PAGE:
Has The Population Of Pigeons In New York City Been On The Rise?

By Bretton Love

Pigeons and New York City are practically synonymous. To some, these hardy, feathered creatures are intelligent and beautiful, while others see pigeons merely as ‘rats with wings.’[1] In parks, on windowsills, rooftops, and sidewalks, or swooping past people in the city’s bustling streets, pigeons are a part of almost every aspect of life in New York. But surprisingly, pigeons are not native to the region at all. An article on the New York Public Library’s website explains that pigeons were likely brought to the US from Europe in the 1600s and were raised as a source of food [2]. Now, however, the tables have turned. Pigeons receive almost all of their food in the form of “seeds, breadcrumbs, popcorn and our other leftovers.” [3] All of these are delivered as handouts (whether intentional or otherwise) from NYC’s human residents.

But how many pigeons, exactly, live in NYC? The answer is somewhat unsatisfying—no one really knows for sure. However, many subscribe to the adage that there is a pigeon per person[4], which would mean that there are close to a whopping seven or eight million[5]. The abundance of food and the endless supply of places to nest and find shelter make NYC a sort of pigeon utopia. Especially considering the fact that “window ledges, rooftops and bridges are perfect substitutes for the cliffside ledges they use for roosting and nesting in the wild.”[6] For pigeons, NYC is quite literally a concrete jungle.



With the city being such a conducive environment for a pigeon’s survival, the population of pigeons in New York City is unlikely to drop significantly any time soon. But, if the old adage holds true, the pigeon population may actually begin to rise seeing as “their numbers reflect the rise of urbanization: As New York’s population grows, so does that of pigeons.”[7] This is dependent on whether the city plans to take action against the rising population of pigeons. Most action in the past has consisted of using falcons, realistic owl sculptures, or spikes on building ledges to fend pigeons off from a certain area, and anti-feeding bills have also been considered[8], but for now, it seems as though the pigeons are here to stay in New York City and grow alongside it.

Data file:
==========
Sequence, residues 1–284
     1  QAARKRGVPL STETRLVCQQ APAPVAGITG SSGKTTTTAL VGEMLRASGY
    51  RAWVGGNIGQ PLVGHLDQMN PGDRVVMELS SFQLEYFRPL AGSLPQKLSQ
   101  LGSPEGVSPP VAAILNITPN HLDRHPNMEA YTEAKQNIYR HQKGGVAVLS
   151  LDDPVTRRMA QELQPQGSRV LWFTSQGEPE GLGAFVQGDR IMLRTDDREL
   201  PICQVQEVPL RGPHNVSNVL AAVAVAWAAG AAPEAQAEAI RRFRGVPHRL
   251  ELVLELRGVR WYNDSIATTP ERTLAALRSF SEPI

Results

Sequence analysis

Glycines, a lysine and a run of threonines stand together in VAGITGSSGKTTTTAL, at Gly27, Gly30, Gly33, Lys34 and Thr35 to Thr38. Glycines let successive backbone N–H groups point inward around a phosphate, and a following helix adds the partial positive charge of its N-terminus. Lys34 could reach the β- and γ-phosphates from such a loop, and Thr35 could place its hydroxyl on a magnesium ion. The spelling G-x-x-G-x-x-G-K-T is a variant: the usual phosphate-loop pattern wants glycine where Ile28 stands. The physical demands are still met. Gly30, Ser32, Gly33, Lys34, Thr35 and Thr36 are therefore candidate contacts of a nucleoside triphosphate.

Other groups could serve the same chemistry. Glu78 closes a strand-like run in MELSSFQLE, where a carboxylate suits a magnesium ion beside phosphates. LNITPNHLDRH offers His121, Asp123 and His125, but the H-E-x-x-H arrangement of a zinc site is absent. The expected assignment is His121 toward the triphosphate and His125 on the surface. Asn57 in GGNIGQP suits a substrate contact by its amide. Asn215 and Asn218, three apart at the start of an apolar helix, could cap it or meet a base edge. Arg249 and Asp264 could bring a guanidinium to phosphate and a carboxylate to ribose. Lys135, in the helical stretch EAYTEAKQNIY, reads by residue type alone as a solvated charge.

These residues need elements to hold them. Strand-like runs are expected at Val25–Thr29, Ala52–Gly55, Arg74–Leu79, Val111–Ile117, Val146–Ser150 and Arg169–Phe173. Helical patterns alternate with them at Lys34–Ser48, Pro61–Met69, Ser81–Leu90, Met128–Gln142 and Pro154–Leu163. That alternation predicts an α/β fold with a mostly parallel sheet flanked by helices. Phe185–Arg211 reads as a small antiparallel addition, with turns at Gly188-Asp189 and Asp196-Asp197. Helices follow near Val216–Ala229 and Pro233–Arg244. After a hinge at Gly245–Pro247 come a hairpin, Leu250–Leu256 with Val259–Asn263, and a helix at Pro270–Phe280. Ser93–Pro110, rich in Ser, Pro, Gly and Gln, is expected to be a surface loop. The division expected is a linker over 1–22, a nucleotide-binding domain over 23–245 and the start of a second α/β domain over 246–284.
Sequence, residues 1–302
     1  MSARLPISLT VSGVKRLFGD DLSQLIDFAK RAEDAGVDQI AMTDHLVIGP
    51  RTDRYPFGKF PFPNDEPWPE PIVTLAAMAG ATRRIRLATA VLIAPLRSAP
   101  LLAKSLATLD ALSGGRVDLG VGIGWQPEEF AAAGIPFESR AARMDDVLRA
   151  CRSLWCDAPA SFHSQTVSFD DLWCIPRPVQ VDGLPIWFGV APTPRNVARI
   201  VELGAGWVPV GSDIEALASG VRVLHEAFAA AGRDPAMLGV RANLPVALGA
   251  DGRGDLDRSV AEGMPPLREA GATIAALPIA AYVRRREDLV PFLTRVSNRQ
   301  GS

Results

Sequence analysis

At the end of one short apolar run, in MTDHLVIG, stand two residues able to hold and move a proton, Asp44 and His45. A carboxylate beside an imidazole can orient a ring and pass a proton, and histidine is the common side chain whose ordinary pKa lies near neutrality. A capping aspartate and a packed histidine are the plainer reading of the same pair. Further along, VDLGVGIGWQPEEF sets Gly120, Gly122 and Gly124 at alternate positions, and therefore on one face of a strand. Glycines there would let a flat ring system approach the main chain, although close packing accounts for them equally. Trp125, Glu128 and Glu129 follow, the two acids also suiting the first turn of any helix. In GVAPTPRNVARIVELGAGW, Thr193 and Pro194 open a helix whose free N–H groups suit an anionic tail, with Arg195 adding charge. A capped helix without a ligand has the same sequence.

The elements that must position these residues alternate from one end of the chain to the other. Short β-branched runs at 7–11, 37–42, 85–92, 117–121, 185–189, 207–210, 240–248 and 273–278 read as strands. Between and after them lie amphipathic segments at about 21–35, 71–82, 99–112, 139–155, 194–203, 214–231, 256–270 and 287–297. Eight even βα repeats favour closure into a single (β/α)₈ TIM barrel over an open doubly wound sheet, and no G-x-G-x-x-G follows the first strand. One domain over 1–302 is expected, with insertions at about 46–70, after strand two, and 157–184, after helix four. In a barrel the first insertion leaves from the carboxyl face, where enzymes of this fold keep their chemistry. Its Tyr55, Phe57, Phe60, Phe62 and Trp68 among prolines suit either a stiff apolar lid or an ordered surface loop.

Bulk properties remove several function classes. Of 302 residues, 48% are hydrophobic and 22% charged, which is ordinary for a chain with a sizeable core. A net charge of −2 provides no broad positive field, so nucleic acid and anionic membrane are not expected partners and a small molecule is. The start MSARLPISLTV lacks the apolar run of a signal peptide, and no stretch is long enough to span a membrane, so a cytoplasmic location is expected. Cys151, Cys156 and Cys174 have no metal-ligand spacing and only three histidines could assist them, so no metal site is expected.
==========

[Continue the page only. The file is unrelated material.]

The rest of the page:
[1] Roberts, Sam. “City of Pigeons and Yellow Cabs.” The New York Times, The New York Times, 13 June 2018, www.nytimes.com/2018/06/13/nyregion/city-of-pigeons-and-yellow-cabs.html.

[2] Nigro, Carmen. “How Did the Pigeon Get to NYC?” The New York Public Library, The New York Public Library, 4 Jan. 2020, www.nypl.org/blog/2012/08/23/how-did-pigeon-get-nyc.

[3] Barkan, Ross. “Why Do Pigeons Reign in New York City? [in 5 Steps].” Crain’s New York Business, 15 Sept. 2016, www.crainsnewyork.com/article/20160915/EXPERT/160919937/why-do-pigeons-reign-in-new-york-city-in-5-steps.

[4] McClear, Sheila. “The New Pigeon Wars.” New York Post, New York Post, 21 Feb. 2010, nypost.com/2010/02/21/the-new-pigeon-wars/.

[5] “New York, New York Population 2020.” New York, New York Population 2020 (Demographics, Maps, Graphs), worldpopulationreview.com/us-cities/new-york-city-population/.

[6] Barkan, Ross. “Why Do Pigeons Reign in New York City? [in 5 Steps].” Crain’s New York Business, 15 Sept. 2016, www.crainsnewyork.com/article/20160915/EXPERT/160919937/why-do-pigeons-reign-in-new-york-city-in-5-steps.

[7] Ibid

[8] Ibid

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